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  (Source: sbnation.com)
Canadian residents cannot partake in the free e-book lending service for Kindle or TV/movie streaming

The brick-and-mortar stores have spent years battling Amazon for its low prices, lack of tax collection, cheap/fast shipping, etc. But now, Target has announced that it will match Amazon and certain other competitor's online prices year-round.

Target said that it will now match the prices of rival websites year-round including Amazon, Wal-Mart, Toys R Us and Best Buy.

Target typically does this over the holiday season, such as its most recent price match program from November 1 through December 16. However, as online shopping continues to grow in the U.S., the company is embracing this method year-round.

According to Target, it will offer a price match when a customer purchases an eligible product at a Target store and finds the same item for a lower price in the following week's Target ad or a local competitor's printed ad. It will also offer a price match if a customer finds the same item for a lower price within one week at the website of one of the above-mentioned competitors.

While this gives Target a competitive edge, Amazon isn't sitting put while rivals rise to the occasion. Amazon recently expanded its Prime services to Canada, where residents can pay the $79 annual fee for guaranteed two-day shipping.

However, unlike the U.S. version of Amazon Prime, Canadian residents cannot partake in the free e-book lending service for Kindle or TV/movie streaming. Amazon said it isn't planning on offering these options in Canada.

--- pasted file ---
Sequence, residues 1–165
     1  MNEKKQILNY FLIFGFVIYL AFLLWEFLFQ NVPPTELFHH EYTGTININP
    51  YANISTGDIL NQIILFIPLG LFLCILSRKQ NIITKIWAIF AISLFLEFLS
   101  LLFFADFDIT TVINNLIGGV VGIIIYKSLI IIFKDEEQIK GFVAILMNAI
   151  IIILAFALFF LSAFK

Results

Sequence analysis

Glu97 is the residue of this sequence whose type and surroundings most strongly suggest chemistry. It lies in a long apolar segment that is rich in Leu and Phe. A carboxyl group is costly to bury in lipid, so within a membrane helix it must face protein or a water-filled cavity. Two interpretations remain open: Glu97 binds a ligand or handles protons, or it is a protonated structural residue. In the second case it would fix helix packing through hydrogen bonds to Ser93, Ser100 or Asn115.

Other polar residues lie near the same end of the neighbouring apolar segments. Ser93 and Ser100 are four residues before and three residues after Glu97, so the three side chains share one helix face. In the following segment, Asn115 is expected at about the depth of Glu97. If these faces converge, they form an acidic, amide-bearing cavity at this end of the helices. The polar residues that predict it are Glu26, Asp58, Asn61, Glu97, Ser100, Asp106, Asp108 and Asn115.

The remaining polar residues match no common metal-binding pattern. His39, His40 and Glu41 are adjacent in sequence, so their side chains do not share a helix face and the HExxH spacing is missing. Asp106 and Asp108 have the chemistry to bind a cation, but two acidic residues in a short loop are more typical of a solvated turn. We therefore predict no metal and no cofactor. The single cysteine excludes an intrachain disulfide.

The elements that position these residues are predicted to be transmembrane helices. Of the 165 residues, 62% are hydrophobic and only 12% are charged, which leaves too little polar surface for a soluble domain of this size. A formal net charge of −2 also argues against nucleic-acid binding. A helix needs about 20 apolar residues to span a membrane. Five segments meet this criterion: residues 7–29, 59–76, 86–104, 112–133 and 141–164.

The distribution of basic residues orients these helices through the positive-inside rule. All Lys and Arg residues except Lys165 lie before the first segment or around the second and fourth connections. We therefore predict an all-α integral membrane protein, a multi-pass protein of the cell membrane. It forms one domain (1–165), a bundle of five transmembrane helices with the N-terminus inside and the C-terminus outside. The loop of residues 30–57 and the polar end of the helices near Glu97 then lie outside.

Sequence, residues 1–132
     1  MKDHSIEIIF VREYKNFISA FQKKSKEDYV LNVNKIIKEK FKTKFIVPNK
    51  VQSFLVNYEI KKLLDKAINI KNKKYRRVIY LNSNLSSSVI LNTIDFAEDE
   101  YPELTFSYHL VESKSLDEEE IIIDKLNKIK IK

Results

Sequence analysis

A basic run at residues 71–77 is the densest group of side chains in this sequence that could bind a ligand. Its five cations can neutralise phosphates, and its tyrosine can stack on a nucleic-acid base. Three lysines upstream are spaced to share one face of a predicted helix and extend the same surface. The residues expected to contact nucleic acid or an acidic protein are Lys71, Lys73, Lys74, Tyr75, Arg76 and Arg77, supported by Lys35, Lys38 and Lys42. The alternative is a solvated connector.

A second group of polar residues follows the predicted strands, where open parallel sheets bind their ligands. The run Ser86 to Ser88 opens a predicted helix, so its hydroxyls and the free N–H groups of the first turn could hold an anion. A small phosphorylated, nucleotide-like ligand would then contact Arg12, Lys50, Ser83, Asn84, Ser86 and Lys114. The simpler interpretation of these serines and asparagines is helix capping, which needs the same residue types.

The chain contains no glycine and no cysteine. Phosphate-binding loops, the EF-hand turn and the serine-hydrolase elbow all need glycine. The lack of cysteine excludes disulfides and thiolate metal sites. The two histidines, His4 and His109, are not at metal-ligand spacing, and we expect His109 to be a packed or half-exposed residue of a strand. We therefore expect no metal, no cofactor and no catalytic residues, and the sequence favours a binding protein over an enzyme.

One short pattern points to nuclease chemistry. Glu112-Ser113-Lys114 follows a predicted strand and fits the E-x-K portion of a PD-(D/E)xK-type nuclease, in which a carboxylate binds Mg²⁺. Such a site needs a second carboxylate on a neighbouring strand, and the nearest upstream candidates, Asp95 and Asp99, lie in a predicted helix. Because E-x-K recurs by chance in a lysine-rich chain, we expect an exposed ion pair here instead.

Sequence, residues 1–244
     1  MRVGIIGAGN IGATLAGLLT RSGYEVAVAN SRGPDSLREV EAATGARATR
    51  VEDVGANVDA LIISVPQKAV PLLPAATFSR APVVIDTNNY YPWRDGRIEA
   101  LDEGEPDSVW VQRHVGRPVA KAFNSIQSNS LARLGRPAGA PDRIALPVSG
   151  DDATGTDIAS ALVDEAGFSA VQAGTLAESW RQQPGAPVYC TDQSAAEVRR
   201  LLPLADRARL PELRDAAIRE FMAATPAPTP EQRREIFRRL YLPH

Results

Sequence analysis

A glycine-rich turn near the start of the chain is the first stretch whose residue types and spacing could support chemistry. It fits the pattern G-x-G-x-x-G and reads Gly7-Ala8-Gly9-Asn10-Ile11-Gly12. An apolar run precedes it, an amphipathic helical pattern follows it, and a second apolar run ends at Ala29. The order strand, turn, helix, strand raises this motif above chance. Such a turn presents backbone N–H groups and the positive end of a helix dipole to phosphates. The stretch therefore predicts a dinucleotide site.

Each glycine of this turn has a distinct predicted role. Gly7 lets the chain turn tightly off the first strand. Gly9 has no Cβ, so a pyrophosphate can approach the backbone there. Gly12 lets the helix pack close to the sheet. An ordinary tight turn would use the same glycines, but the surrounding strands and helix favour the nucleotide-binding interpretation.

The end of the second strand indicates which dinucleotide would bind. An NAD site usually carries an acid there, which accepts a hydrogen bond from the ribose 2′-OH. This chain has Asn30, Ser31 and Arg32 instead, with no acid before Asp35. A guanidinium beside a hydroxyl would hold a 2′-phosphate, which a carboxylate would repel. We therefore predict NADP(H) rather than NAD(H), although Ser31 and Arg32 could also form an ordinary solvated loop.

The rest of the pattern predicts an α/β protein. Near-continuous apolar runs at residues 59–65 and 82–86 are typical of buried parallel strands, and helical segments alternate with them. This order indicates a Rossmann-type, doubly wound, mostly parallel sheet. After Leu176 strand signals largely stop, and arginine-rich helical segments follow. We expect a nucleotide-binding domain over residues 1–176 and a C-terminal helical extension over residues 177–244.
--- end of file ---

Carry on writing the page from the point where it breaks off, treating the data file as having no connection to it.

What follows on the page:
Amazon Prime launched in the U.S. in 2005 and typically costs $79 per year, but the e-tailer recently launched a monthly subscription option as well for $7.99.

Sources: Times Colonist, Yahoo News



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RE: Lucky Pricks
By Jedi2155 on 1/8/2013 4:20:12 PM , Rating: 2
My only problem with this ideology is that you assume all that money that you use to pay for products go back to Americans. With outsourcing of American designers/engineers, and manufacturing....we're no longer paying fellow neighbors and people, but totalitarian regimes.

I would not have such a huge problem with items produced in Mexico as I do in China because, it would help reduce immigration if Mexico's economy could be improved. However, China is still rather hostile to Western ideals...they just offer far too many cheap and effective (relatively) workers...

I try to buy American whenever I can though, but I'm really starting to hate these "Designed in America" labels which means its still made in China probably...


"Google fired a shot heard 'round the world, and now a second American company has answered the call to defend the rights of the Chinese people." -- Rep. Christopher H. Smith (R-N.J.)














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